As a result of the increasing number of cases in Switzerland, special conditions were announced in Britain at the end of August for those travelling between the two countries. Scotland had already announced a ten-day quarantine period, which we had anticipated, but when England followed suit, we quickly changed our holiday plans at short notice and managed to make it across the border before the new restrictions came into effect.
Because of the uncertain times, we chose to book a one-way ticket so that we could decide to return home when the time was right. This proved to be six weeks later and we spent three weeks in the north of Scotland.
Once we arrived in Scotland after a week in England, we had to adhere to the quarantine rules and so we were restricted in what we could do. Keeping largely to ourselves, we spent most of the time with Jo’s parents for the first week. I broke my work routine for a daily walk with Jo through the nearby golf course and woodland along the river Averon. It was nice to walk without a strenuous goal and to get to know the forest a little. Neither of us had visited the secluded path before, so it was a lovely find and a place which is easy to reach during future visits.
Since joining Say Hello at the beginning of 2019, my work life has changed greatly. Although the practicalities of the job remain the same – I still design and programme websites – there is much less pressure to be 100% productive every minute of every day. I’ve also become less reliant on the routine of heading “to the office” and I’ve become used to working at home, or in a temporary space. In Scotland, this is using my laptop on a small office desk set up in the spare room. My headphones go on and I’m up to speed – usually programming, because of a smaller screen size – within a very short space of time.
Once our quarantine period was over, Jo and I began to take advantage of being in Scotland. In between days working, we headed for days out where we were unlikely to run into many other people. It’d been a while since I’d visited Scotland during the holiday season. Where the roads into the wilderness are largely abandoned in the short days of winter, they’re becoming more and more busy in the summer and autumn months. Not least because the pandemic has forced people to holiday in Britain, but also thanks to the increased efforts of local tourist organisations to push trendy holidays along the North Coast 500 – a highly-picturesque “ultimate road trip” around the northern coast.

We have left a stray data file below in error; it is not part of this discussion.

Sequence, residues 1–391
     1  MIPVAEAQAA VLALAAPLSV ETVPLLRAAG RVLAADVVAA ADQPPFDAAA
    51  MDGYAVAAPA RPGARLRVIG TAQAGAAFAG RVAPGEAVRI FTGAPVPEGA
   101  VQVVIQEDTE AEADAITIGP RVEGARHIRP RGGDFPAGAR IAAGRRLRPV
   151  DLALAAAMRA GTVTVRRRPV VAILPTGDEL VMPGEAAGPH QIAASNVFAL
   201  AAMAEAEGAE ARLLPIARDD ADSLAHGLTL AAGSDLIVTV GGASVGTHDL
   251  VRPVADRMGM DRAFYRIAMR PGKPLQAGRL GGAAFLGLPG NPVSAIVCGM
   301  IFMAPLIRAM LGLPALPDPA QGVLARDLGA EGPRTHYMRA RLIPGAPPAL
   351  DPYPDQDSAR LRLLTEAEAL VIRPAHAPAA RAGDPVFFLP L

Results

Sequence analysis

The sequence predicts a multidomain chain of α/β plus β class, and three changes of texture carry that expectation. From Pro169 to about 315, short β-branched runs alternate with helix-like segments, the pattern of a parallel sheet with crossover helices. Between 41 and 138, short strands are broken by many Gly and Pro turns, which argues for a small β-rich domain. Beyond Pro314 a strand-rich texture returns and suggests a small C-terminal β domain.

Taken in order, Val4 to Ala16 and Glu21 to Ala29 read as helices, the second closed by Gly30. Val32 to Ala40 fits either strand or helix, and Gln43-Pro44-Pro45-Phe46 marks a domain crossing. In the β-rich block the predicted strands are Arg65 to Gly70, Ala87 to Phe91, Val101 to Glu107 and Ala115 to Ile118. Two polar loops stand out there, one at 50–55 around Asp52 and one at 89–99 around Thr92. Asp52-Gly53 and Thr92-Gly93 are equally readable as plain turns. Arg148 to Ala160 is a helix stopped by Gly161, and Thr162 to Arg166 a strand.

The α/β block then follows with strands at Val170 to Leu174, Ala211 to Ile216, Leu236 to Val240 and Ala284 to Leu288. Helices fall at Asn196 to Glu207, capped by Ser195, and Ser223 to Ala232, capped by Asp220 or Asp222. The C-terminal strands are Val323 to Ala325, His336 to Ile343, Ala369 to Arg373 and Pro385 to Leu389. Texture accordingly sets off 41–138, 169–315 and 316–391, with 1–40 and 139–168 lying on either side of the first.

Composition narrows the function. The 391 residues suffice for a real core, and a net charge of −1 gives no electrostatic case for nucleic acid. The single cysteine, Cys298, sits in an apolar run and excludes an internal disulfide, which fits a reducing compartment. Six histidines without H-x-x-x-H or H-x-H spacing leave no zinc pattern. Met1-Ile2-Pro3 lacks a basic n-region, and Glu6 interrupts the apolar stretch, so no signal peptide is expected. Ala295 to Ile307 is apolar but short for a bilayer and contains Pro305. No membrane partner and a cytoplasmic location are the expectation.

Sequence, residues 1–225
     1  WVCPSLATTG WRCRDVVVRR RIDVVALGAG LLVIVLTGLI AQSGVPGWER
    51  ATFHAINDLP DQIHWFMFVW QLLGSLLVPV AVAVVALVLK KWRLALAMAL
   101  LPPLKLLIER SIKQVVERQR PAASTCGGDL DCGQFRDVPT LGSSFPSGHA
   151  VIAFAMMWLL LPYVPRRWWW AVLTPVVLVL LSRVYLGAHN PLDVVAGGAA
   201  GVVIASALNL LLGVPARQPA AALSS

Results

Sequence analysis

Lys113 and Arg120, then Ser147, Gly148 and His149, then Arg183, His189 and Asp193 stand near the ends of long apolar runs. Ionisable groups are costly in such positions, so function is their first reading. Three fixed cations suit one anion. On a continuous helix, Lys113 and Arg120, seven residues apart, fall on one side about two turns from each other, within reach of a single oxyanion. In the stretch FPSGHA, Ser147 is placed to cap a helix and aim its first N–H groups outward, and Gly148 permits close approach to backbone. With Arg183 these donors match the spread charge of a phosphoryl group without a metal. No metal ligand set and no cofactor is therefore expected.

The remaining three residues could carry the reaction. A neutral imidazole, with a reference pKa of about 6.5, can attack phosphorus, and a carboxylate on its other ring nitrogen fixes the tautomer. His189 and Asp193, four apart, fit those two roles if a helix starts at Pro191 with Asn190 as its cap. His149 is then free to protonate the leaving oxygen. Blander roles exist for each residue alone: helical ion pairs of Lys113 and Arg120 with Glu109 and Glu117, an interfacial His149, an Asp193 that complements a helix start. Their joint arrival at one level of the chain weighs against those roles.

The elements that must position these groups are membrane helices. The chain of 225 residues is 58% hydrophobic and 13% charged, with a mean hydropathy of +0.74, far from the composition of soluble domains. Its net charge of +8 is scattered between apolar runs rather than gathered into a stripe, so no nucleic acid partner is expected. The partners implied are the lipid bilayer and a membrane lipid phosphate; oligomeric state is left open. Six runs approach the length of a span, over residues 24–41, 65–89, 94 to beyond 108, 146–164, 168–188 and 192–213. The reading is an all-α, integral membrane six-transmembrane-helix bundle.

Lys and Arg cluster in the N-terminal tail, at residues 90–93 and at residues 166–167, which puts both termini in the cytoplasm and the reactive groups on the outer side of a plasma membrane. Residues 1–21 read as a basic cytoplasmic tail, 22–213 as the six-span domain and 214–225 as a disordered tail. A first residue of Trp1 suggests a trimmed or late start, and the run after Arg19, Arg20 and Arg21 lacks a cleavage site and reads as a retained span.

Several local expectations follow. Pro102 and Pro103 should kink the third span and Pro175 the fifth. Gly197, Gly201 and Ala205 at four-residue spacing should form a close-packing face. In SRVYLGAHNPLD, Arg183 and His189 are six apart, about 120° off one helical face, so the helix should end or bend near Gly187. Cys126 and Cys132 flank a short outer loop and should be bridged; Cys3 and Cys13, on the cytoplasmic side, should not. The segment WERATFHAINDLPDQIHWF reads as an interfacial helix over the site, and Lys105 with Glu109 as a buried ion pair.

There’s a reason why this remote part of the British Isles does nothing but gain in popularity. In winter, the landscape is damp and cold, and visiting makes me feel as though I’m at the end of the world. Certainly a long way from the packed landscape of the Bernese Oberland, and a million miles from the packed townscapes of where I grew up.
Once the weather is a little warmer, the days when little rain falls are beautiful beyond description. Sure, there are billions of midges about and you can quickly be chewed into an itchy mess within seconds of leaving the car. But if you get the ideal combination of dry, sunny weather and strong winds, as we had a couple of times, a day in the northern Highlands will remain with you for a very long time to come.